In addition, industry collaboration on a new set of standards must be made. While the International Organization for Standardization already has a wide range of space system regulations, expansion to other areas such as interchangeability of resources, reuse of parts, and real-time communication should be added for better space management.
2. Invest resources to enable technologies and capabilities.
Long-term investments and adequate resources are vital in achieving goals and ambitions in the space sector. Analysts recommend prioritizing investments and resource distribution on technologies such as advanced power and propulsion, component improvement and miniaturization, and artificial intelligence.
Government support is also an important undertaking that organizations should consider. Since space endeavors had long been a national imperative, collaboration with government sectors can help drive progress in otherwise uncertain timelines or limited technologies that private enterprises usually have to deal with.
3. Prioritize collaboration among all key sectors.
For every strategic plan for space, global collaboration has accelerated research, exploration, and innovation. The International Space Station (ISS) served as a home base for such purposes where approximately 3000 space experiments were accomplished, and 48 astronauts from different nations convened.
To continue efficient collaboration, industry leaders should be seeking achievable opportunities that are mutually beneficial for all. For example, perceiving drawbacks such as impacts on near-term profits and encouraging bilateral and multilateral partnerships among nations with aligned values will be a huge factor in advancing the commercial and economic space industry.
4. Foster a self-sustaining industrial base.
To unlock the full potential of the space economy, space sector players should grow and support a talent network dedicated to it. Start by seeking government endorsement for commercial space discoveries and technologies, and request support in funding and incentives for technological breakthroughs. In this way, more talent will be attracted to the emerging but viable space sector.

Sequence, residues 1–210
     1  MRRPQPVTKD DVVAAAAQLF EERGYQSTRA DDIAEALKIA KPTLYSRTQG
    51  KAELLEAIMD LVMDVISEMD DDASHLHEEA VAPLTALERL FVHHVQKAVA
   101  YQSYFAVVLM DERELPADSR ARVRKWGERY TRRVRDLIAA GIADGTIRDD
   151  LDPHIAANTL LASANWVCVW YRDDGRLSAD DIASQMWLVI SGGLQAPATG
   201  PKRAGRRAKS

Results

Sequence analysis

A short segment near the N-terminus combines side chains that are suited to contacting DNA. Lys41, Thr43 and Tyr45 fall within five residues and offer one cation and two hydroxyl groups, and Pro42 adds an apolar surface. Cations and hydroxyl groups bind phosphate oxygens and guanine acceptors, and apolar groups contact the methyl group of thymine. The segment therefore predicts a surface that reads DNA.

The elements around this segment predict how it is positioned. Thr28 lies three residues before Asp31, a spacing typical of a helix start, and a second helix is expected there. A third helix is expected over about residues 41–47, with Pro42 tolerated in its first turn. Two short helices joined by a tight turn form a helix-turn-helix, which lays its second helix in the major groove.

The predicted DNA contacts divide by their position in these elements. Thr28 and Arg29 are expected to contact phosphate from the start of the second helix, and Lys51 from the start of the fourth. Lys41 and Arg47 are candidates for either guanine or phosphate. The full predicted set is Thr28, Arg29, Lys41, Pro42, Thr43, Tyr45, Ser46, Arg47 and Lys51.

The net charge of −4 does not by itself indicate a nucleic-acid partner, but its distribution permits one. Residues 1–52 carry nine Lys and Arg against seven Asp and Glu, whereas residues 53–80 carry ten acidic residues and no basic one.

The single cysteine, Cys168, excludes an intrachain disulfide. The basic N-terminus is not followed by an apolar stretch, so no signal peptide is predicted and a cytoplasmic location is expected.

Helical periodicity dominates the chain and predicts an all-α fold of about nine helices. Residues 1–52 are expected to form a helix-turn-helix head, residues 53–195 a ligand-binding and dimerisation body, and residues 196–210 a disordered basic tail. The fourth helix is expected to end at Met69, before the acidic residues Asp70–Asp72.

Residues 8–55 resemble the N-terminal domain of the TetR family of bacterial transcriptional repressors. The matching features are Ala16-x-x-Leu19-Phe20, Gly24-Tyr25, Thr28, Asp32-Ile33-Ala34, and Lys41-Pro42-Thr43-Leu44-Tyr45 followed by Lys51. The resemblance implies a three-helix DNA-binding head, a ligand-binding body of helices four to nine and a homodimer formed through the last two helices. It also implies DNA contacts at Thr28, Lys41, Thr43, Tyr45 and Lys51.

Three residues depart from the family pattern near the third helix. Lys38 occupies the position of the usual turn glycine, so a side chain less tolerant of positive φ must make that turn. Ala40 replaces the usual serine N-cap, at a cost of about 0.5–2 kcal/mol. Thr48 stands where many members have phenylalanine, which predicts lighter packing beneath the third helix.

Enterprises can also focus on increasing dialogue among space companies and end-users, as well as potential gains on space among decision makers. By keeping all stakeholders informed, organizations will continue to cultivate a broader, developing ecosystem for the future of the space economy.
5. Leverage the space sector to advance sustainability and security.
Satellite data is one of the main reasons why leading organizations are joining the space race. Governing bodies are able to acquire valuable security intelligence to intercept dangerous threats and national emergencies. Meanwhile, business leaders are able to create better action plans to combat climate change.
For our society to continuously sustain these gains, enterprises should embrace accountability and transparency in sustainable business practices. Some strategies include applying international sustainability metrics for both pre-and post-launching of missions, working on net-zero emissions and net-zero debris generation, and gaining investments in green operations.
As we continue to achieve sustainability on our planet, we must also not ignore our responsibility for space. The answer is clear, as it is here on Earth: we need a global consensus to make our space ambitions a beneficial and sustainable endeavor for all. After all, the growing space economy will be of little value to us – especially if it will only compromise our efforts for a sustainable future.
Data. Photo by NASA on Unsplash. https://unsplash.com/photos/_SFJhRPzJHs
Satellite. Photo by Donald Giannatti on Unsplash. https://unsplash.com/photos/Wj1D-qiOseE
Rocket. Photo by Pixabay. https://www.pexels.com/photo/flight-sky-earth-space-2166/
Space Staff. Photo by Mikhail Nilov. https://www.pexels.com/photo/woman-in-spacesuit-looking-at-a-screen-inside-a-shuttle-7672015/